As an example, Dhir pointed to a study of 500 people that could draw a conclusion that presence of a certain bacteria predicts, for example, weight gain, but another study of a different 500 people by a different organization or institution could draw a completely different conclusion. CODA’s large sample size and numerous data points offer the potential for a standardization that has not previously been achieved, according to Dhir. 

“We saw that the whole field of probiotics, and certainly so much of obsession with gut health, was not actually reflecting the scientific approach that we really thought, that we really wanted to take and pioneer,” added Katz.

Independent experts in the field agree that the science needs to improve. “I see a lot of probiotics there, everybody’s jumping on the probiotic train, like you’ll see probiotic drinks, probiotic food, and I’m like, really? Does it really work? And that, to me, as a scientist, and somebody who wants to improve health is frustrating. So I think increasing scientific rigor, tests, doing these clinical trials, I think is going to be really important,” said Dr. Arpana Gupta, an associate professor at UCLA and co-director of the Goodman-Luskin Microbiome Center. “There’s definitely promise.”

CODA’s first applications are in metabolic health, brain health, longevity, and menopause, research areas chosen because they have already been identified as areas of human health where early CODA data displayed the strongest evidence.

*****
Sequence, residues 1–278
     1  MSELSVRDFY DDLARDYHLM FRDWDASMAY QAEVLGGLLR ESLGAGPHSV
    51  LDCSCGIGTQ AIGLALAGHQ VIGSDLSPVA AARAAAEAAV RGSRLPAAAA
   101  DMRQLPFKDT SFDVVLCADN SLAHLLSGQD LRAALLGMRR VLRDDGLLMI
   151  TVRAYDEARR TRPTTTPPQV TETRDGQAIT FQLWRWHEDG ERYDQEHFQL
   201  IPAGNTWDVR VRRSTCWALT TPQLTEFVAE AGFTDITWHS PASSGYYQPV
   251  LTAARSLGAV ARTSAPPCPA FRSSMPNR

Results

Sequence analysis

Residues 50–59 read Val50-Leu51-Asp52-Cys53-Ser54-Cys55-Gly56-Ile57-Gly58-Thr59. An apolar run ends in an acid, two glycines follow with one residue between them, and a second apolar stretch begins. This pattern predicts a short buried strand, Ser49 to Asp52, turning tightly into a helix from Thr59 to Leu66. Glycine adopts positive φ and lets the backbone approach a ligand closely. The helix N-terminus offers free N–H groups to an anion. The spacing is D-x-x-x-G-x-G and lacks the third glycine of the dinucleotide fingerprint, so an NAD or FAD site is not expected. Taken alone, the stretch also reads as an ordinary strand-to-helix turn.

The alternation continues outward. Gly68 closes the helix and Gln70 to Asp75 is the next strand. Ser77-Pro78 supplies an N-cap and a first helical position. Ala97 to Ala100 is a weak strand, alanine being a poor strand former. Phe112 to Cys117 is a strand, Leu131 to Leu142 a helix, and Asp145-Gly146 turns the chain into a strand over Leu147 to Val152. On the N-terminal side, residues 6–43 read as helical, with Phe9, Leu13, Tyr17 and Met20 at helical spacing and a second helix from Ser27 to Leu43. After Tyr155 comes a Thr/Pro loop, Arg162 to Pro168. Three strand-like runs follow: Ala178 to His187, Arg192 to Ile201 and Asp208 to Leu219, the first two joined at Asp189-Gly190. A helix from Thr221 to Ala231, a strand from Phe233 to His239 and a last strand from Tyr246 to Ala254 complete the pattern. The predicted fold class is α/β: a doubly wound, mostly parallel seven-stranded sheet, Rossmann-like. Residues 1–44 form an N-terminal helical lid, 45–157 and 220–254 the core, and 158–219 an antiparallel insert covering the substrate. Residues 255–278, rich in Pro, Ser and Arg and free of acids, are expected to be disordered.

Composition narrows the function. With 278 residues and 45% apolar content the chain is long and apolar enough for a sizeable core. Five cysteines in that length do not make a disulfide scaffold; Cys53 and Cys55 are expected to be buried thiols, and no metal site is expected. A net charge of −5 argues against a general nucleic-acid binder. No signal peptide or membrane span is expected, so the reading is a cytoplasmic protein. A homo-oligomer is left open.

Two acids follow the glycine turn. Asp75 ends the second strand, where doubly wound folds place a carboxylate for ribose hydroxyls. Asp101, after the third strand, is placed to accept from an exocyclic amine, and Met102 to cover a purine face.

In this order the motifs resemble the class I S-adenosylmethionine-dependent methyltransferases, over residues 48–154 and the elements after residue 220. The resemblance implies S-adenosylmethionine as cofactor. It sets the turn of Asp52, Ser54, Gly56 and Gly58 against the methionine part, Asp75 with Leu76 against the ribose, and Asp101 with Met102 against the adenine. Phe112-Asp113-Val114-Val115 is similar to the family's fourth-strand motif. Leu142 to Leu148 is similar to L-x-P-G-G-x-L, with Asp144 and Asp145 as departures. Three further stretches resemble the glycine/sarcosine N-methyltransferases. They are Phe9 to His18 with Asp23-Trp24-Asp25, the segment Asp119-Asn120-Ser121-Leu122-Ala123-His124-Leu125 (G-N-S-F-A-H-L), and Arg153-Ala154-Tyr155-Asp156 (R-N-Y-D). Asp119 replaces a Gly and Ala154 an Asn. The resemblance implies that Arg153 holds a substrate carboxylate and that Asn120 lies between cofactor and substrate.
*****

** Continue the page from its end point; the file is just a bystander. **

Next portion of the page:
“Taking those findings [from CODA], and eventually translating them and bringing them to the billions of people that could benefit from that, I think that would be the biggest contribution and that excites me, because then, without CODA, all of these findings would end up in, maybe very nice papers, but just papers. And this way they can be eventually translated into people,” said Segal, who has studied metabolic health and link between the microbiome and body composition.

Segal said the Human Phenotype project has included the collection of dietary logs and medical histories, as well as glucose monitoring records and DEXA (bone densitometry) scans, much of it covering over two decades and offering insight into the changing, and aging, human microbiome. 

“It’s a tremendous step forward in not just the standardization of data, but also the different types of data. That’s why it’s called deep phenotyping, because phenotyping means all these things come together to make the phenotype of a person,” Dhir said. “That’s what CODA unlocks. … There’s things that before were just drowning in noise, in bioinformatics data noise that now come out in such clear signals.”

Seed Health has been working on several efforts around pioneering microbiome science for human and planetary health, and many in the field believe the approach is destined to have wider applications.

“I think the top areas right now are in cancer,” said Dr. Joseph Petrosino, professor at Baylor College of Medicine and Director of the Center for Metagenomics and Microbiome Research, and a member of Seed Health’s scientific advisory board. “The ability to use the microbiome both as a diagnostic as well as a potential therapeutic to help with the responses to various cancer treatments, as well as to avoid some of the side effects of those treatments,” Petrosino said.